Penelope in the Odyssey – Storytelling for Everyone

Greek Myth & Legend

Artist, Dora Wheeler, “Penelope Unraveling Her Work at Night”

Penelope in the Odyssey, the epic poem by Homer, is the faithful wife of Odysseus (or Ulysses for the Romans). Odysseus is the King of Ithaca, and he is the main protagonist in Homer’s poems, the Iliad and the Odyssey. Odysseus is a warrior in the Trojan War, and the Odyssey covers his return home after many long years.

In the first poem, the Iliad, Odysseus is away at war, fighting against the Trojans for ten long years. However, when he begins his journey home, many odd challenges come upon him, which take him another ten years to finally get back to his home.

The Faithful Wife

Odysseus leaves his wife Penelope of Ithaca and his son, Telemachus on their own and initiates the journey, during which he loses all his crewmates, and arrives on his own. Penelope waited faithfully for his return, as Telemachus had to help her fight against the many suitors who wanted her hand. During the twenty years of her husband being away, a total of 108 suitors came to try and get her to marry them.

Odysseus’ Trials and Fidelity

On his way back from the Trojan War, Odysseus ran into many troubles because of angering Poseidon, the god of the sea. He struggles through storms, capture, and magic. For seven years, he got stuck on an island with Calypso, where she fell in love with him and begged him to make love to her, promising that she would make him her husband.

Some stories say that he gave in, while others say that he remained faithful just as his wife had done. Athena helped him by asking Zeus, the sky god, to stop Poseidon’s anger and letting Odysseus get on his way.

Odysseus found himself with the Phoenicians who eventually delivered him to Ithaca, after he told them his story. While he was away, goddess Athena and his son came looking for him, but the suitors pining for Penelope planned to kill Telemachus on his ship as he returned.

Keeping Those Suitors at Bay

While Odysseus was away, Penelope had 108 suitors clamoring for her hand. However, due to the love she had for her husband, Penelope chose to remain faithful, strongly believing that Odysseus would return home one day.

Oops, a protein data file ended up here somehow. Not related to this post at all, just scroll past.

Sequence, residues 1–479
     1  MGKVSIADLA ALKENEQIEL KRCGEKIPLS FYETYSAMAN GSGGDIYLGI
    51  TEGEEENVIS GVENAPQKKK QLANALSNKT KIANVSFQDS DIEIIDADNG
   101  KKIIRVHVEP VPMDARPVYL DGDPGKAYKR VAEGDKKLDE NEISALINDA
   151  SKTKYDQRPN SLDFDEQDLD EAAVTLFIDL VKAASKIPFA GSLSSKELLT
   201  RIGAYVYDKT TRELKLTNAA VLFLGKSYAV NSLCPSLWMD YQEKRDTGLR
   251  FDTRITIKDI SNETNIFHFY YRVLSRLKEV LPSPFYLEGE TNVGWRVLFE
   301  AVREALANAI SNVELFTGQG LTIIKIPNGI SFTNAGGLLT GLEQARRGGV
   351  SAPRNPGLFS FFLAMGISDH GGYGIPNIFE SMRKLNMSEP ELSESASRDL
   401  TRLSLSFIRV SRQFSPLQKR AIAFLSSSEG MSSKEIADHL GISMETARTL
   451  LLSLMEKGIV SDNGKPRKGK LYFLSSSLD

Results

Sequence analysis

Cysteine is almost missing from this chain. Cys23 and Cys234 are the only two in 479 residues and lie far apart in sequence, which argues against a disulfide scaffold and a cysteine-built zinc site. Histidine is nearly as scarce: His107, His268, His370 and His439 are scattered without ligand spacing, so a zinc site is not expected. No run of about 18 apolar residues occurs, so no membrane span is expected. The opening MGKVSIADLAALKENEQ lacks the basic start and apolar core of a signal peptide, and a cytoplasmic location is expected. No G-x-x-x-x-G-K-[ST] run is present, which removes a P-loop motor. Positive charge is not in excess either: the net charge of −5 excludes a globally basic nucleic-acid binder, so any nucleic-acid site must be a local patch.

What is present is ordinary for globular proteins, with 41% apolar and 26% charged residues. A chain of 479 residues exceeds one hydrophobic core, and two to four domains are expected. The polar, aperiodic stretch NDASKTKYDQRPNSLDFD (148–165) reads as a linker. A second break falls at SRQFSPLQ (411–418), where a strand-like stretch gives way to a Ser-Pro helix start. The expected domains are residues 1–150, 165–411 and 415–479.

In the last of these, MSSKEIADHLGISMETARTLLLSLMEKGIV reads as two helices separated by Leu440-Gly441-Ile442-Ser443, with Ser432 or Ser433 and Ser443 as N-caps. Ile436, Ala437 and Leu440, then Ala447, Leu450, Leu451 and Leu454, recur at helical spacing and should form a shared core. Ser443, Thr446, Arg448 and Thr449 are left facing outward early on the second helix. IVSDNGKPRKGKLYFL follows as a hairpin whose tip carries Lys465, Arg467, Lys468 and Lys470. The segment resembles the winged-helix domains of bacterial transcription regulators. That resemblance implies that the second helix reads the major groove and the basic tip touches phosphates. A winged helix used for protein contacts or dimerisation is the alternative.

For this reason, to avoid remarriage, she devised a few tricks keeping the marriages from taking place and from even meeting her suitors.

One of these tactics was to announce that she would marry if only she completed weaving a burial shroud for Odysseus’ father. For three years, she claimed she was weaving it, and so she couldn’t marry. At night, she tore the weaving apart so it had to be woven again.

However, with Athena’s help together with his son, Odysseus makes his escape from the island where he was kept with Calypso. He finally returns home, revealing himself to his recently returned son, and joins one of Penelope’s final competitions for her hand.

Fighting for Love and Finding Proof

Athena disguises Odysseus as a beggar so that Penelope can’t recognize him, as he joins the competition to marry her. The competition is as follows: The man who can string an arrow to Odysseus’ bow and shoot an arrow through twelve ax heads may have her as their wife.

She creates this competition on purpose, knowing it’s impossible for anyone to win except for her husband. Disguised as a beggar, Odysseus is able to see how things are in his household before his full return.

He wants to know if his wife has been faithful to him. He confirms that she has indeed been, and hence he joins the competition, easily stringing the bow and shooting through twelve ax heads.

Once he completes this task, he throws off his disguises, and with the help of his son, kills all 108 suitors. Telemachus even hangs twelve of the housemaids who had betrayed Penelope or had made love to the suitors themselves.

Odysseus reveals himself to Penelope; fearing that it is some type of a scam, she tries out one more trick on him. She tells her lady’s maid to move the bed that she and Odysseus had shared.

Odysseus had carpentered the bed himself, having the knowledge into the matter, he answered that it could not be moved, because one leg was a living olive tree. Penelope is convinced that her husband has finally returned, and they are reunited in happiness at long last.



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